Most timber trusses are delivered to site as one-piece building components. However, occasionally they are delivered in sections and must be joined on site. Correct installation of these is critical to maintain the designed load paths.
Showing results 1-10 of 10
The area around the edge of a roof requires extra fixings to stop it lifting, but how much of the total roof area needs these extra fixings?
There have long been questions about whether a single gable end truss is suitable for fixing cladding to and, if so, what is the maximum height before a 2-ply gable end truss is required? For the answer, we look at the design of gable end trusses.
Proprietary wall bracing systems are commonly used to brace a building, but how are braced walls connected to a concrete slab? We look at both NZS 3604:2011 and proprietary wall bracing elements requirements.
Roof bracing is one element in a continuum that provides resistance to horizontal loads. It works with the wall and foundation bracing to supply a total bracing package for a building.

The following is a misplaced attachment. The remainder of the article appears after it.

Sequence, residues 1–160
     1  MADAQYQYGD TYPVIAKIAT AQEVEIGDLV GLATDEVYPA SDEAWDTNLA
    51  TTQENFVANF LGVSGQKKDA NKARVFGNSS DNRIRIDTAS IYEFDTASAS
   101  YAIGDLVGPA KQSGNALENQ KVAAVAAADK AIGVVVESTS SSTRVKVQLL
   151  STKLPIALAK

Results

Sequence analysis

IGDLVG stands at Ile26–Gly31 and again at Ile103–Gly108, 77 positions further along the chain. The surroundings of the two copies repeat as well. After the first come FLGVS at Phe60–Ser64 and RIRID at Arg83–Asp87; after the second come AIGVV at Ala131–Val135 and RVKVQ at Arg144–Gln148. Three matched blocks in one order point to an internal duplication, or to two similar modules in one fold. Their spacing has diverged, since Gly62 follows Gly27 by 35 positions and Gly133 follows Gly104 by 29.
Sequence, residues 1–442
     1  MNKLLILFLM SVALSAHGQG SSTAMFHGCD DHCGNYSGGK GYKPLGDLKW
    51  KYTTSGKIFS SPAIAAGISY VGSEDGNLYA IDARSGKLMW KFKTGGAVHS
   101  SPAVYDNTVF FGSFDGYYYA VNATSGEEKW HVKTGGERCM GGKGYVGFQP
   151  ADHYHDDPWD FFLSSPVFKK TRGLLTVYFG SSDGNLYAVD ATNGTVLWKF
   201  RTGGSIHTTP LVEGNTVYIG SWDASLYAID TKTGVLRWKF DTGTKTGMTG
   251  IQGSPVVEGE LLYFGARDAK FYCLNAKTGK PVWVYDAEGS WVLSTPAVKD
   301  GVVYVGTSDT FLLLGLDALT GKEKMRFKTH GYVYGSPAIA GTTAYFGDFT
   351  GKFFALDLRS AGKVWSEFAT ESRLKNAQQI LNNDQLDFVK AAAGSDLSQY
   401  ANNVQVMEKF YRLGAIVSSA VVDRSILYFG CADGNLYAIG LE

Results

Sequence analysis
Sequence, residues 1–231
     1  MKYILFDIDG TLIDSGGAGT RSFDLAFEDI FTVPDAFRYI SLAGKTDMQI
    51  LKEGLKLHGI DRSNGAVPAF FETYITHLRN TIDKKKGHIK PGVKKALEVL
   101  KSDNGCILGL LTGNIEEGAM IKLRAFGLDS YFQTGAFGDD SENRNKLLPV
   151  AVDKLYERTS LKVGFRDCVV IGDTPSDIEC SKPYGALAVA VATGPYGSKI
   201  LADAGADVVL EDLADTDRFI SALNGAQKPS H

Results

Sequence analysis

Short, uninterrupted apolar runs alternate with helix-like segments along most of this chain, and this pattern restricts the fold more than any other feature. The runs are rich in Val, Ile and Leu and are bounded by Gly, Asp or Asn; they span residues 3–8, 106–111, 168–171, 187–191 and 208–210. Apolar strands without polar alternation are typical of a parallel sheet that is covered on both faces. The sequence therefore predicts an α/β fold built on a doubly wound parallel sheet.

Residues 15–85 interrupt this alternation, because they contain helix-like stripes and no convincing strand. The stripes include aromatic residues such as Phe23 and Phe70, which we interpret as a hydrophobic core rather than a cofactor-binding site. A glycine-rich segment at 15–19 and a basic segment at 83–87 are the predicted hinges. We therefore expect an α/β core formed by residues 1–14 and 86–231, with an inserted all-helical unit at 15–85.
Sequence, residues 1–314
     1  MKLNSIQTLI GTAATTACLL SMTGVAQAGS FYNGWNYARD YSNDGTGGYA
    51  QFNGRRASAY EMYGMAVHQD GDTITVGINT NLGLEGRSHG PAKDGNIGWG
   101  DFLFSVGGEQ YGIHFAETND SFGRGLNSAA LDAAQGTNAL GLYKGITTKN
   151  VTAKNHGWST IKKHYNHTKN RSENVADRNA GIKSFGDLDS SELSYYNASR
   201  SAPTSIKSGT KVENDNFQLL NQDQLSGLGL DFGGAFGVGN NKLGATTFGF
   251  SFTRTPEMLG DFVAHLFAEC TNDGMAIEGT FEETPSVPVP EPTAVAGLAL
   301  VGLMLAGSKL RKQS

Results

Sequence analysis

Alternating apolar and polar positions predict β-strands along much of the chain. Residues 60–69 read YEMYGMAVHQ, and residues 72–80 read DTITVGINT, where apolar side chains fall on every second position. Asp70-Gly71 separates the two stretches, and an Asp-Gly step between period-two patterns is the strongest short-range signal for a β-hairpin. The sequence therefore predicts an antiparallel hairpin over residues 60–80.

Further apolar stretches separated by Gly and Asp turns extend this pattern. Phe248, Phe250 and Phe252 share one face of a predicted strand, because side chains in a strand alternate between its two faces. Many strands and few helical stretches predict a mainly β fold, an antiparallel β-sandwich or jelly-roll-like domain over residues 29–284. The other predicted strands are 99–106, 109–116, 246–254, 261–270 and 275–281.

Calls to the BRANZ Helpline indicate that there is still confusion about the correct use of bottom plate anchors with concrete floor slabs.
The larger shank diameter of fixings used to fix weatherboards over a cavity can cause splitting. One way to get around this problem is to fix timber cavity battens directly to the structural framing.
The roof is usually the first thing to fail when a building is damaged in a severe storm. This risk can be minimised by making sure there are good structural connections.
Almost all building materials move of their own accord. This needs to be allowed for during design and construction or this movement can create problems with the durability of materials and, potentially, the building’s weathertightness.
External timber steps can feel a bit wobbly or springy, especially as they get wider. We review the design rules and offer some ideas for building strong stairs.